The question then arises on how to translate this beta sequence into actual measures. We observe that we can relax more and for longer times on measures. Moreover, when we get the number of infected individuals after the first quarantine below a certain level, the South-Korea approach of extensive screening becomes an alternative option for quarantine. The jumping between other levels can then be seen as a combination of restrictions and a different level of screening. This highlights a shortcoming of the current model that actually lumps different types of action in a single parameter, whereas, in reality, they represent different approaches. The Chinese approach imposes a quarantine on the susceptibles, whereas the South-Korean approach imposes it for infected individuals. It would be stronger if the model would include more states and have both strategies expressed by different parameters. We will explore this route further, but for now, we just wanted to introduce the concept of coupling an advanced controller to the current SEIR models and demonstrate its potential on top of just using a prediction model.
As a matter of demonstration, we tested the impact of increasing the number of ICUs. As can be observed, this does not severely alter the beta-sequence retrieved. However, from the left figure, one can observe a little faster decrease of the susceptible fraction of the population, which means that by steering towards maximum ICU occupation, we are going faster into the direction of herd immunity. However, this approach may be infeasible because it does not account for health care practitioners getting sick.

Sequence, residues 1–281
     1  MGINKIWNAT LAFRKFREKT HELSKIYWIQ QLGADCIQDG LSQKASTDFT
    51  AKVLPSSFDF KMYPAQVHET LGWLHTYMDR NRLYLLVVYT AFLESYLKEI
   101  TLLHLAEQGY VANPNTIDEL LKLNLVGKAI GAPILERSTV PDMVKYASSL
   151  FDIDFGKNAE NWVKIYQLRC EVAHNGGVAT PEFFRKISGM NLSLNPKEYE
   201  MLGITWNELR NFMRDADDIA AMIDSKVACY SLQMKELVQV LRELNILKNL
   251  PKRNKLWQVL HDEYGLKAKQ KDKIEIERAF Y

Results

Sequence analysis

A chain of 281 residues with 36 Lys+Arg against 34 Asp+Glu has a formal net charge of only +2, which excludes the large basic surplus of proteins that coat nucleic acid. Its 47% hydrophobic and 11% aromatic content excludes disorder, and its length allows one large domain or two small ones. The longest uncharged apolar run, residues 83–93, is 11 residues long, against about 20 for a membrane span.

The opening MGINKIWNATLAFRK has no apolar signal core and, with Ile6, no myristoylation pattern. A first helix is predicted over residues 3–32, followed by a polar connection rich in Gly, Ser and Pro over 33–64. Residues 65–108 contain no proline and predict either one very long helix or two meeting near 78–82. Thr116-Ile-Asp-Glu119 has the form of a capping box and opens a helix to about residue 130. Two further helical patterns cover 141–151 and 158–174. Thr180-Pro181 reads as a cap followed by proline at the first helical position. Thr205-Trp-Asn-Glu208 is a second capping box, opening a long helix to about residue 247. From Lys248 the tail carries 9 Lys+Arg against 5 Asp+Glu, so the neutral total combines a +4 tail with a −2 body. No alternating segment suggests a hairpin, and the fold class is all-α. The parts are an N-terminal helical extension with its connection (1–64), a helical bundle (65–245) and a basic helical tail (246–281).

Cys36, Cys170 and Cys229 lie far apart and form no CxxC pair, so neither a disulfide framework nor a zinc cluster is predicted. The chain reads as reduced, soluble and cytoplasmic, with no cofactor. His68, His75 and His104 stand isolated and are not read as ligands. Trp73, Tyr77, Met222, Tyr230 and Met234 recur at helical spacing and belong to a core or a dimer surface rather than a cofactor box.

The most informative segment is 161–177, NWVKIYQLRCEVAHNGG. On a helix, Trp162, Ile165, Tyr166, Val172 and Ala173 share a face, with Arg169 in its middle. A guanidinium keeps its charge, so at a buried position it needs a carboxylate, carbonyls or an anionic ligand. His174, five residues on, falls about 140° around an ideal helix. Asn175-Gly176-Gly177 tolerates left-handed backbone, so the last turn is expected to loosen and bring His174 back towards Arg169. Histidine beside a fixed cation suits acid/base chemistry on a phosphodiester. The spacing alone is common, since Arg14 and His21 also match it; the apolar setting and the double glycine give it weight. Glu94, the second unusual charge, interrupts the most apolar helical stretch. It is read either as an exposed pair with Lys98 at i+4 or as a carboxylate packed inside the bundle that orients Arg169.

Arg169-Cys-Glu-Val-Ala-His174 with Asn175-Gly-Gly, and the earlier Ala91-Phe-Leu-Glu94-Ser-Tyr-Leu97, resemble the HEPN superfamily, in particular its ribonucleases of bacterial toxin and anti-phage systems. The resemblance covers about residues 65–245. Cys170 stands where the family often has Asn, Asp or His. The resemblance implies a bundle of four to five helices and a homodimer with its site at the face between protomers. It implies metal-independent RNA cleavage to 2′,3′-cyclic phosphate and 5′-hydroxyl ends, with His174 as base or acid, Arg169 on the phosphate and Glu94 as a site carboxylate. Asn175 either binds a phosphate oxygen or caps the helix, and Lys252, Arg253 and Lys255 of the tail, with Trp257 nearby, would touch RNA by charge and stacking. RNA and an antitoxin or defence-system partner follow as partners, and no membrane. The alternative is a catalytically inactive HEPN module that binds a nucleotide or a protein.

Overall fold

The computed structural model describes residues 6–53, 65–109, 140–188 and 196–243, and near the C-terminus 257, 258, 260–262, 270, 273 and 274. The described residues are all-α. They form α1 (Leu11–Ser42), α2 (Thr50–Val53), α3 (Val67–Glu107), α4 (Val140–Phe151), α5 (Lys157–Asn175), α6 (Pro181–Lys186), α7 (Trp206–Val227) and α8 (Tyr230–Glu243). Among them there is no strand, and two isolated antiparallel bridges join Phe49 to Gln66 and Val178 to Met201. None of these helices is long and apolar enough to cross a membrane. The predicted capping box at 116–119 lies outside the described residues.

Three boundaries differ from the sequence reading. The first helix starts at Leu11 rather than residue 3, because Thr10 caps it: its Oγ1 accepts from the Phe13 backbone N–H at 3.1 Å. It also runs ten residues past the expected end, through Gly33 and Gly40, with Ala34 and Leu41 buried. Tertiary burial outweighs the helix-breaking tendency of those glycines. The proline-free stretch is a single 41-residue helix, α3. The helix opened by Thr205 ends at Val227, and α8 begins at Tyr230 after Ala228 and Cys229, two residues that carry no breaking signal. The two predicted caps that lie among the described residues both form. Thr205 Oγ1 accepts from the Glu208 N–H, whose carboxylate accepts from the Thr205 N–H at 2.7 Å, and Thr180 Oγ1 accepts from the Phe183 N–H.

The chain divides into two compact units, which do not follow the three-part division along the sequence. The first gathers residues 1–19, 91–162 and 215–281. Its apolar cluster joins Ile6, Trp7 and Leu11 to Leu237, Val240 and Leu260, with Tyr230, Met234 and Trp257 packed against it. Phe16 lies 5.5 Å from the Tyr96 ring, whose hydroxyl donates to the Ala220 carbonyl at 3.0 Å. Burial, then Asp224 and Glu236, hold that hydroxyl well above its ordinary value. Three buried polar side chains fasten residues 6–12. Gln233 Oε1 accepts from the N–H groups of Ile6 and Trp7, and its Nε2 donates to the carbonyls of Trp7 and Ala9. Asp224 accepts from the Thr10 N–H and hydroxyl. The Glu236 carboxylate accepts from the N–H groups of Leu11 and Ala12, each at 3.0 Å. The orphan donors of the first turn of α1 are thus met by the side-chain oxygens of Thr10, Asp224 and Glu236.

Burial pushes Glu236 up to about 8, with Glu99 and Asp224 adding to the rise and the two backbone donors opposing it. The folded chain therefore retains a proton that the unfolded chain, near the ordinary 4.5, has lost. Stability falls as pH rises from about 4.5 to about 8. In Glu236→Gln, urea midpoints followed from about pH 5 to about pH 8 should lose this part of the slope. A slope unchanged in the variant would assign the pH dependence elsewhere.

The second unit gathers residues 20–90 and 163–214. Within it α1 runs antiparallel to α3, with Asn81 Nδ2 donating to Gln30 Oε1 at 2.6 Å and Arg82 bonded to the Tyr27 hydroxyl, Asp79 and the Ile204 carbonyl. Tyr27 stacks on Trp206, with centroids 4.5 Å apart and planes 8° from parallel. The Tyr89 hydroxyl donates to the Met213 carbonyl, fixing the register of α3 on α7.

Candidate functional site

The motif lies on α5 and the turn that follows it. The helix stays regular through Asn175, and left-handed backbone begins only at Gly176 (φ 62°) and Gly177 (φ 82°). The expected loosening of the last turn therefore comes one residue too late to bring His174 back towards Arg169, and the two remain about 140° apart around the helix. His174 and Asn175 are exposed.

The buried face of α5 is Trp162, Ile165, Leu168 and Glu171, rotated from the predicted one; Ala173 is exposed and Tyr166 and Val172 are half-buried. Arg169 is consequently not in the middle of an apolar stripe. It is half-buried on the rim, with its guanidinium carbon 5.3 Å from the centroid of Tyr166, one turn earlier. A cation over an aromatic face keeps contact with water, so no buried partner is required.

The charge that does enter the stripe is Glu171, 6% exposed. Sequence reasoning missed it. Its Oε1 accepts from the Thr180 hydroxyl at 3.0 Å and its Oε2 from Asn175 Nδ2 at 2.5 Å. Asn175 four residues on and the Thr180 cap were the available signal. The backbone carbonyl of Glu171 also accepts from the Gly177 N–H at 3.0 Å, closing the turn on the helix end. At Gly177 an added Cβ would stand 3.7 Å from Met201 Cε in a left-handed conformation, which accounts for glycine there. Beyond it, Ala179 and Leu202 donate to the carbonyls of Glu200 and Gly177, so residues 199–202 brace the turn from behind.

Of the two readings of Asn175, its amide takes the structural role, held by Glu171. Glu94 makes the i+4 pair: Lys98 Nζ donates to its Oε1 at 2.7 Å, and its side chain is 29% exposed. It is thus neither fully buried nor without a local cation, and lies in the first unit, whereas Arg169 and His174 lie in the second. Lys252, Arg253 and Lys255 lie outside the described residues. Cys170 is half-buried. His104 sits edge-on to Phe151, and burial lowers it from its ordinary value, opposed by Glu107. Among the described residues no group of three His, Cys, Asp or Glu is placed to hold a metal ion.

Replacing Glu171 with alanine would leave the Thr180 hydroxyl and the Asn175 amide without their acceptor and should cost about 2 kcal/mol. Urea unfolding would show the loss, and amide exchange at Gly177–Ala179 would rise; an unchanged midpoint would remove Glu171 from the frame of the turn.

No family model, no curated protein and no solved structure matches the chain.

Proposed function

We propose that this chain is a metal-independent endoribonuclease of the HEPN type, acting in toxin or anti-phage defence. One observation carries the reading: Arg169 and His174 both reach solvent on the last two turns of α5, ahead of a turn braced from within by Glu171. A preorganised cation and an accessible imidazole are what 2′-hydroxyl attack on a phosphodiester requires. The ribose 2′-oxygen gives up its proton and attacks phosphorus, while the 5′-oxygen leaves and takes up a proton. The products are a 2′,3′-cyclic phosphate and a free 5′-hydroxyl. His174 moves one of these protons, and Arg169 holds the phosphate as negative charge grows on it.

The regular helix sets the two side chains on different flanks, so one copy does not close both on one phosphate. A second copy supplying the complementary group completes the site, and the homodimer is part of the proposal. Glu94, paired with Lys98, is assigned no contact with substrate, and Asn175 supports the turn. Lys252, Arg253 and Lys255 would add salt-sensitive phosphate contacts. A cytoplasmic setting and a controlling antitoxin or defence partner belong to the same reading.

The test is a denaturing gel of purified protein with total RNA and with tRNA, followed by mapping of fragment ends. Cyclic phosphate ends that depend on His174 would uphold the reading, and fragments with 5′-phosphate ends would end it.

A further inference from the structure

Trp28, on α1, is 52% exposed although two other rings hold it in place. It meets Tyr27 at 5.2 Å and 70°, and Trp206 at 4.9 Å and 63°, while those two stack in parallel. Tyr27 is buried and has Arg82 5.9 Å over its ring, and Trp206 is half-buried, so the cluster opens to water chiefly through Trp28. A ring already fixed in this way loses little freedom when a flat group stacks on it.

As a final note, we want to stress that the MBPC approach has the flexibility to include other criteria in the objective function. One could, for example, include the economic costs of certain beta-values (i.e. set of measures) and account for this in the optimization. This allows for balancing with the economic cost and one can use weights to vary the priorities. Hence, such a control is an elegant way to optimize the situation in a customized fashion using the power of a predictive model and multicriteria optimal control.